>I don't listen to country but like Townes Van Zandt
Everyone gets their opinion from somewhere, fucking fool.
Also, the "I don't listen to country music" phrase is almost exclusively made in reference to contempory country music. Which no one likes, because it's objectively terrible.
I've tried more than once to turn people I know onto country music (be it old-time music, western swing, honky tonk, progressive country, etc) and most of them discard all of it.
He's great but has become a tool for hipsters to fill their eclectic taste quota since the hivemind has deemed it cool to like him
This is a good reply, it just seems everyone I've talked to still disregard all other country even after pretending to like TVZ (like >>61840380 said)
Most country's sad in one way or another. This list helped me branch into that specific style though.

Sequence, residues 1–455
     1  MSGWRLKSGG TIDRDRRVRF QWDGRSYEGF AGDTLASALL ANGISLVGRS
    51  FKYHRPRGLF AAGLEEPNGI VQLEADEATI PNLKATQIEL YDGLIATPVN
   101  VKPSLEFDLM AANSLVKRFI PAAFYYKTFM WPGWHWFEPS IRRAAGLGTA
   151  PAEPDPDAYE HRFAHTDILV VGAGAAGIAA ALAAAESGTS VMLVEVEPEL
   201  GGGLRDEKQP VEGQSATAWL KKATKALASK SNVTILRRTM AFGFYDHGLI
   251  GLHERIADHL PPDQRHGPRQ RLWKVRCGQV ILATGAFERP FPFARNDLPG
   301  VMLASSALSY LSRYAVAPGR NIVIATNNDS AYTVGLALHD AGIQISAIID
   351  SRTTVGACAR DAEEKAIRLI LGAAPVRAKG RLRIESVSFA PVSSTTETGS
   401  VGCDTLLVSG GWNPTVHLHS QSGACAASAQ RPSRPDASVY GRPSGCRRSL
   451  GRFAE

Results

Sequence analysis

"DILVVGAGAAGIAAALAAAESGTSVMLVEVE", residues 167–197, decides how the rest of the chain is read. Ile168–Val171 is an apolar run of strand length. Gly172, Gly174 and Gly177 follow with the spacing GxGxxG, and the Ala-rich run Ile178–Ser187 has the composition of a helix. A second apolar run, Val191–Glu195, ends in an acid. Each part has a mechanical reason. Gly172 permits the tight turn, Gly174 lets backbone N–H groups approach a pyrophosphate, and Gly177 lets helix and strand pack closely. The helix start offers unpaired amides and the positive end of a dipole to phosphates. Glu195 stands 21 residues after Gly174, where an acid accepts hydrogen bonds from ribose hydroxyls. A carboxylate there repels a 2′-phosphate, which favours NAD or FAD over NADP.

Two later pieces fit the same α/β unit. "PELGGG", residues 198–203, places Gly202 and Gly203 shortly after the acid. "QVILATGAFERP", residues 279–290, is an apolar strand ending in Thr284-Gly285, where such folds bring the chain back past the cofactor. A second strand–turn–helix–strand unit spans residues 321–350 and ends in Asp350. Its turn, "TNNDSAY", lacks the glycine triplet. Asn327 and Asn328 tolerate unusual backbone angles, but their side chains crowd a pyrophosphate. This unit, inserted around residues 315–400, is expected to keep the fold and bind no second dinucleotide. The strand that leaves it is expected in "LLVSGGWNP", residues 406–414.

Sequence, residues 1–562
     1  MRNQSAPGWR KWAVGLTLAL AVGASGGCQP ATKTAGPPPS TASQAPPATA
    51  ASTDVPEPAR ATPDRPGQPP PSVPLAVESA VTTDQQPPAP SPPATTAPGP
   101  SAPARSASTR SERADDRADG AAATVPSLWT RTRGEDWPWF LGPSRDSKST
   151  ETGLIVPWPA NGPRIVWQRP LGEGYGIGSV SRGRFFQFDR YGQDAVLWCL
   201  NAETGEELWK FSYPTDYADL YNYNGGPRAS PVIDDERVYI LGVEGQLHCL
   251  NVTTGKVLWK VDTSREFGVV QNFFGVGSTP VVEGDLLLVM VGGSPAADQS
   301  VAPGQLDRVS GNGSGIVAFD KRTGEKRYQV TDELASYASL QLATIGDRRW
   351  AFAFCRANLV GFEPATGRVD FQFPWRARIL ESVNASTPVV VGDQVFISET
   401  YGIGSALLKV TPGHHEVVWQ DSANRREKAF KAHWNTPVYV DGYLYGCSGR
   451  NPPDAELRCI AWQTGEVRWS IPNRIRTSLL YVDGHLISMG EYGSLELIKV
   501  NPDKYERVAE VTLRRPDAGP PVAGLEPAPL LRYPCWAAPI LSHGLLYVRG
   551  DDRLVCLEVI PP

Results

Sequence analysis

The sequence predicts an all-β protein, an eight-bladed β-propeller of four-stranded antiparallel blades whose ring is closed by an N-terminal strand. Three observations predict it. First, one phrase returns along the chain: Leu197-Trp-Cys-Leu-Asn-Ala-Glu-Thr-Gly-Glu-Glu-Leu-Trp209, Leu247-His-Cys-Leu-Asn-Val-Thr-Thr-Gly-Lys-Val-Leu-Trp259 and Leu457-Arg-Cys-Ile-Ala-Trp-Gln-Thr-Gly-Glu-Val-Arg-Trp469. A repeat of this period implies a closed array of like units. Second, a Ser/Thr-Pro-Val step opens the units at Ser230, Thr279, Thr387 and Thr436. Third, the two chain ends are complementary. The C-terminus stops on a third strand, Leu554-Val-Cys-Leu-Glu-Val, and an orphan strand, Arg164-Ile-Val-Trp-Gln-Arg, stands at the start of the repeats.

Only in the sense than say Bob Dylan is more than just another folk music or Miles Davis is more than just another jazz musician. Yes, he is in a way, but he's not really different enough from the rest to make a big deal out of it. The only reason he's special, really, is because of the quality of his output.
>says they like country
>they don't like bluegrass
Of course its silly that so many people dismiss an entire genre like country, but Townes has always been more rooted in folk than country to begin with so he's not really that great of an example.
I'd take exception to that, honestly. It's more accurate to say that there is (or was) a blurred line between what's considered folk and country.
Or to put it another way, there's more documented incidents of Woody Guthrie calling himself a country and/or western singer than Hank Williams calling himself one,
>It's more accurate to say that there is (or was) a blurred line between what's considered folk and country.
I'd agree that there was, and there obviously is a traceable lineage, but by the time Townes started making music they had already diverged by a good bit and his work seemed to still lie more on the folk side IMO.